START A PETITION 25,136,189 members: the world's largest community for good
START A PETITION
x
1,516,616 people care about Health Policy

What Would You Do If You Found a Lump in Your Breast?

What Would You Do If You Found a Lump in Your Breast?

Living with Triple-Negative Breast Cancer
(#24 in a series)

What would you do if you found a lump in your breast? I called a doctor, but not everyone agrees that was the right decision.

Some readers said I shouldn’t have reached out to the medical community, shouldn’t have had surgery, chemotherapy, or radiation. I say it’s a personal decision, one we must each make based on our individual case. I told my story but do not give medical advice, unless you consider my plea to check your own breasts or to at least talk to a doctor to be medical advice.

Of breast lumps and doctors
I believe wholeheartedly in making healthy lifestyle choices and pursuing natural ways to remain healthy. Sometimes less is more when it comes to modern medicine, but I sure wouldn’t want to be without it. Positive thinking helps in a million and one ways, especially with day-to-day coping, but positive thinking alone won’t cure cancer.

It doesn’t have to be an either/or thing. You can seek medical treatment and use complementary treatments. You can still drop bad habits and pick up better habits. There are many types of cancer, different stages, and lots of individual circumstances that make your case unique. Call a doctor. Research. Then decide on your course of action.

The triple-negative breast cancer series: why I chronicled my story
October 14, 2010 — I discovered a lump in my breast that day. You don’t forget a moment like that, especially when it leads to a diagnosis of triple-negative breast cancer.

Is it just me? Am I facing these feelings about cancer alone? I write about triple-negative breast cancer for the same reason I write about multiple sclerosis. Because we live in a world where far too many of us feel alone. Because it’s not just you, and it helps to know that.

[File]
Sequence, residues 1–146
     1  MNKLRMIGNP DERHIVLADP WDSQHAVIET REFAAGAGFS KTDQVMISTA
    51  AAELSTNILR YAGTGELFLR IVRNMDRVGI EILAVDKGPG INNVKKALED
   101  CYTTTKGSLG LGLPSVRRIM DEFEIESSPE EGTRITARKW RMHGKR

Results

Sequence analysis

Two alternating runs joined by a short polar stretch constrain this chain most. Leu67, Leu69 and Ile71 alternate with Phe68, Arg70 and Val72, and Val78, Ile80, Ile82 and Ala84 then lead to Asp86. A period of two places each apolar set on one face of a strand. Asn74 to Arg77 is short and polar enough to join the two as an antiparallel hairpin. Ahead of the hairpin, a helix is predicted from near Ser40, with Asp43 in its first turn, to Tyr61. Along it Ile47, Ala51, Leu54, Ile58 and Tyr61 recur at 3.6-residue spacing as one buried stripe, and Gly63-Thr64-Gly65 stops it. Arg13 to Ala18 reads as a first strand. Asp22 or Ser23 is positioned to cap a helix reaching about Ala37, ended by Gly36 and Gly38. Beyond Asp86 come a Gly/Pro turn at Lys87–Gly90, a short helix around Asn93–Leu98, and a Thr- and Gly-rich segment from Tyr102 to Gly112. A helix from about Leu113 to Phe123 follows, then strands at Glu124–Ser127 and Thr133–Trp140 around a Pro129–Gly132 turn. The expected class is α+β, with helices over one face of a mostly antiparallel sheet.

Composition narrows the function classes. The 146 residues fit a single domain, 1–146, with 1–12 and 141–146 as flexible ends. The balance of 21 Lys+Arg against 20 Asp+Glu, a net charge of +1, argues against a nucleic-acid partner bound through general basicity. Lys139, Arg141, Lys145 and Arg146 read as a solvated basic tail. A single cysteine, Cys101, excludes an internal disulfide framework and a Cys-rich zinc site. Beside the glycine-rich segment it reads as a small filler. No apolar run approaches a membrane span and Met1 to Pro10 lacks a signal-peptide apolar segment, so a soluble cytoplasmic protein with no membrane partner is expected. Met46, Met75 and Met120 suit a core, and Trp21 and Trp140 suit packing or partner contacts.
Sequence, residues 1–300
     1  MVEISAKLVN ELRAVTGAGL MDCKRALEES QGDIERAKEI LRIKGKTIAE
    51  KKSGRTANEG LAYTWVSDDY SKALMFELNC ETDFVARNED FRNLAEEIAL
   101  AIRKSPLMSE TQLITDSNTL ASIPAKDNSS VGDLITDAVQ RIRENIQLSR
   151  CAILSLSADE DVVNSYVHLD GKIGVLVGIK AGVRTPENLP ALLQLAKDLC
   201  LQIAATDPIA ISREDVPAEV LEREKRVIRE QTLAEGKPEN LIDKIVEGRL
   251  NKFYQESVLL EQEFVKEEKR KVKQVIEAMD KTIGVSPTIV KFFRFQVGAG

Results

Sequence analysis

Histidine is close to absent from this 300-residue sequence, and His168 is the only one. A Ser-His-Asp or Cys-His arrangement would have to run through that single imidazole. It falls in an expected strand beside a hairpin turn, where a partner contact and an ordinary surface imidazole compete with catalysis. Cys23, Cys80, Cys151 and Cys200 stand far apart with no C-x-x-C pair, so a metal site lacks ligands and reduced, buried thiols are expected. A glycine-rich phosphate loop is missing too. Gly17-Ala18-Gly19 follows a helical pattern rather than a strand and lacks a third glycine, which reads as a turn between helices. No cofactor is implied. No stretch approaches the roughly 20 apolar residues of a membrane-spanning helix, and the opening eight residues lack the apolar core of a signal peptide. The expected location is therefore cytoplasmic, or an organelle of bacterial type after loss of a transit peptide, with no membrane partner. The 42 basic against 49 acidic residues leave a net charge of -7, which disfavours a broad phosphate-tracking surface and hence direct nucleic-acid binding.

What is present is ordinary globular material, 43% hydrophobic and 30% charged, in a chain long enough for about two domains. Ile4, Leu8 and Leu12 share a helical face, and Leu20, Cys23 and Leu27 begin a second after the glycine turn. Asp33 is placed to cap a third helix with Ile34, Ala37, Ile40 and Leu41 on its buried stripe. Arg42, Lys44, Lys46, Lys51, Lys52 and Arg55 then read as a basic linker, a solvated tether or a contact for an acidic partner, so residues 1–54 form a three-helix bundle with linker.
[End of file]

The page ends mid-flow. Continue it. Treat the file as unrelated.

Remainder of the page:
Writing about yourself is a challenging experience. You become both empowered and supremely vulnerable. As I chronicled my experiences, I was embraced in a warm, collective hug and took some virtual slaps, but positive response far outweighed the negative. I chose to focus on the hug. That’s part of positive thinking.

Did my writing make even the slightest different to someone else’s life? From the messages I received in my inbox, yes. There have been those who’ve said that my story helped them understand their suffering sister/daughter/mother just a little better, and the women that have decided to check their breasts after reading these postings. For this reason I can say that yes, it has entirely been worth it.

October is Breast Cancer Awareness Month, the month I found a lump, my birth month…
This is my 24th post in the triple-negative breast cancer series. It’s been a tough year but, as we mark another Breast Cancer Awareness Month, I’m living each day to the fullest. If I’m very fortunate, there won’t be a need for much more in the way of personal updates here, but I will continue to write on the topic of triple-negative breast cancer.

There was another candle on my birthday cake this October. That’s one awesome candle. Prettiest one I’ve ever seen. I hope to add many more but there are no guarantees. Let’s just say I appreciate growing older. Bring on the birthdays.

It’s Breast Cancer Awareness Month

Triple-Negative Breast Cancer Profiles
Carmelita P: Grieving Son Recounts Mom’s Battle with Triple-Negative Breast Cancer
Nancy Steiler: Searching for “Normal” After Cancer
Eileen Z. Fuentes: Living with a Grateful Vibration
Meagan Farrell: Cancer Survivor Says “Let Go of the Little Stuff”
Melissa Stukenborg: When Worst Fear Becomes Reality, Find Your Inner Strength

Related
Breast Cancer Awareness: Taking it Personally
Man with Breast Cancer says, “Don’t be embarrassed…it’s too important”
Living with Triple-Negative Breast Cancer Series
Brief Video: What is Triple-Negative Breast Cancer?
Book: No More Secs! Living, Laughing & Loving Despite Multiple Sclerosis
Follow on Twitter @AnnPietrangelo

Image: istockphoto.com

Read more: , ,

have you shared this story yet?

some of the best people we know are doing it

41 comments

+ add your own
11:43PM PST on Feb 8, 2012

I would do as I did for the skin cancers: go to my PCP and say, I've found something suspicious I'd like you to check, and then do whatever is necessary afterwards.